Stamping out spotlighting

As the MLOA president I would like to make it abundantly clear that the MLOA supports the Manitoba Wildlife Federation’s anti-spotlighting campaign, which it outlined at a press conference on Feb. 16.

Operating in rural Manitoba, spotlighting is something that many of our members have unfortunately come across, and I’m sure many of them could tell you stories about personal brushes with spotlighters or the marks they’ve left on their local landscapes and wildlife populations.

We acknowledge and fully respect that indigenous hunters have the right to hunt at night “where it’s safe to do so,” but where is that line? Not all night hunting is creating equal. There is a big difference between calling a moose by moonlight in the remote wilderness and driving around gravel roads at night shining a light into farm fields so you can get some meat to sell on the black market. I don’t know anyone, including most indigenous people, who would consider the second example safe or ethical. Spotlighters also have an impact on wildlife populations, leaving many animals to rot because they can’t find them in the dark, or shooting them like fish in a barrel as they stand blinded by the spotlight. As operators who rely on healthy wildlife populations and a safe environment for our clients to hunt in, spotlighting is a one-two punch that we as business owners cannot accept.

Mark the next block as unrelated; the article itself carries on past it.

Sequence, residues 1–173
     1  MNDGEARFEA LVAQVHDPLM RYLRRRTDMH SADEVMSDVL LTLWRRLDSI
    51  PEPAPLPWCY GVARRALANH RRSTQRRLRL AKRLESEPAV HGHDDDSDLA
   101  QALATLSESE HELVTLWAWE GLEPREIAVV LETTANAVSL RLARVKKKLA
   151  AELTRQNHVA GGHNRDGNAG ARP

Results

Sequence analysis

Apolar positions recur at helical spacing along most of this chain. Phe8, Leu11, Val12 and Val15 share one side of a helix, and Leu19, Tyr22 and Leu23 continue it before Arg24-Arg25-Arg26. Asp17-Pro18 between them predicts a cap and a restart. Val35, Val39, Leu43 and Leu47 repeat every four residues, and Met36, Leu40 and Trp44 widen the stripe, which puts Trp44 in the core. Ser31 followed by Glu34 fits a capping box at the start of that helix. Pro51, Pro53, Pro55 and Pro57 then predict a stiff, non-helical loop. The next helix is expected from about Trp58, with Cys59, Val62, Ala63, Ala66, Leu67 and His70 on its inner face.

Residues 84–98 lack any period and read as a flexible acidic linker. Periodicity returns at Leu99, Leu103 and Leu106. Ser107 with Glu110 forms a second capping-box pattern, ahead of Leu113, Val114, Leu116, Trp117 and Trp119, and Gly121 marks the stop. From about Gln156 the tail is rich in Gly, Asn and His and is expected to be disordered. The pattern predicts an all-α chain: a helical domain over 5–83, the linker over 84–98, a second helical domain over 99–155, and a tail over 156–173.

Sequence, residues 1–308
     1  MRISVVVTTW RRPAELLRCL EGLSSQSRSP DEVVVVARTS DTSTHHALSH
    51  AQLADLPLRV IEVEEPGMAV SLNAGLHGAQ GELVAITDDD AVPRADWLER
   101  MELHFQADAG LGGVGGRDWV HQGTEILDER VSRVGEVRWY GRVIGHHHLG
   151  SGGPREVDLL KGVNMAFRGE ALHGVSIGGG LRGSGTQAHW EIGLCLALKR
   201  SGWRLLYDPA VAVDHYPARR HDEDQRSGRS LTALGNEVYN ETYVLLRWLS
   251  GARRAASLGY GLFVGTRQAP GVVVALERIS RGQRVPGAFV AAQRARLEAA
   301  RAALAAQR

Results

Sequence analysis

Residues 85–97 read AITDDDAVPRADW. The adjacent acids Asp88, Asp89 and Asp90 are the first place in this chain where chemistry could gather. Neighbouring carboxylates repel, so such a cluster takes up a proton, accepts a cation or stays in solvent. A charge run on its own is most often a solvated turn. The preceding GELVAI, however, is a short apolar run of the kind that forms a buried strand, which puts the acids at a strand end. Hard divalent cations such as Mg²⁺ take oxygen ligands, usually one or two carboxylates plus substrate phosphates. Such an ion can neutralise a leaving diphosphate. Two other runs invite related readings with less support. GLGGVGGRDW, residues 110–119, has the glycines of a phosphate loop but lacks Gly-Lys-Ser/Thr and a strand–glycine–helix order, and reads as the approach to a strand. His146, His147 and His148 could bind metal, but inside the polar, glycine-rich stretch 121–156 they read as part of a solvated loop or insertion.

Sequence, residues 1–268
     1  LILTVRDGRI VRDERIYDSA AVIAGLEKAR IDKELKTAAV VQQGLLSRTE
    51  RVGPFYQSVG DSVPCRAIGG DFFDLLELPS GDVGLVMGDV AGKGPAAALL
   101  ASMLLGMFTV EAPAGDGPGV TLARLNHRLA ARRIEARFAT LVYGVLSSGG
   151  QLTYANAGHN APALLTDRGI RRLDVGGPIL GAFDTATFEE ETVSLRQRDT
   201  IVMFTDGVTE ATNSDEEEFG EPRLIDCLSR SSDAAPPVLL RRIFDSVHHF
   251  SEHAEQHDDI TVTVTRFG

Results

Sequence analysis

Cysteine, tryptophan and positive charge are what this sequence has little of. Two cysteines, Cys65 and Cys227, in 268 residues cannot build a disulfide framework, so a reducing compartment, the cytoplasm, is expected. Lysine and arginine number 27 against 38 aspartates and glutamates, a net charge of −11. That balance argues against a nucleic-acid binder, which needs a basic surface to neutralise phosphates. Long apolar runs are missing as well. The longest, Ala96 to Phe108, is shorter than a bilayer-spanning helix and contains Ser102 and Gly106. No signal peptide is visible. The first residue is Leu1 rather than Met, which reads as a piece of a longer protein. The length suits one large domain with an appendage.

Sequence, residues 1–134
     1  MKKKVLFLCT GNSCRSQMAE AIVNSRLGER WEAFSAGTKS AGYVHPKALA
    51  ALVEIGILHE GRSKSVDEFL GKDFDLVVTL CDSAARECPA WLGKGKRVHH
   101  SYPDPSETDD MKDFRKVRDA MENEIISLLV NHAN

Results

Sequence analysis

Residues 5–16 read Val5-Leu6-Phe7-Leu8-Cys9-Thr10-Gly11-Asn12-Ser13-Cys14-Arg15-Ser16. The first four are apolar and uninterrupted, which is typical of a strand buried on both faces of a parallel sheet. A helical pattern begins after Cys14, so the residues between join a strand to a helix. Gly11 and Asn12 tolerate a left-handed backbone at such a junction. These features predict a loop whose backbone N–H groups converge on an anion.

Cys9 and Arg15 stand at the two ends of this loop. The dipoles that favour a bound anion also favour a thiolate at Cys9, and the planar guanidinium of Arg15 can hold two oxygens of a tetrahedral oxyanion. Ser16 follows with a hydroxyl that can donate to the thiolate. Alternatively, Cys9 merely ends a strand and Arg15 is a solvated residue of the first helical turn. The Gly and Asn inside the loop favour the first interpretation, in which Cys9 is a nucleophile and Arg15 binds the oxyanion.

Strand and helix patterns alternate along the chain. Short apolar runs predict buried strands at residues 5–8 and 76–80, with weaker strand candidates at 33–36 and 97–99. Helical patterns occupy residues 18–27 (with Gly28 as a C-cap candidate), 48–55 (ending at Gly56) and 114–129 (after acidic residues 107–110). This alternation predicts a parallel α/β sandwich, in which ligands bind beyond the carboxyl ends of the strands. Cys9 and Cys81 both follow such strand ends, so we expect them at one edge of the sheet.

The spotlighting question came up during our political debate at the MLOA convention in December, and we got a few different answers. We heard that the law already differentiates between safe and unsafe night hunting and it’s therefore an enforcement issue, but we respectfully disagree as I don’t think that line is clear to anyone in Manitoba. We also heard that the law won’t change without working in consultation with indigenous hunters, and fair enough. That is apparently how Saskatchewan succeeded in banning spotlighting in much of their province. We support the idea of government asking the First Nations and Metis communities to help define what kinds of night hunting should and should not be allowed, but we urge them to get down to this task immediately. This needs to be addressed now.

Paul Conchatre

Owner, Birdtail Waterfowl

MLOA President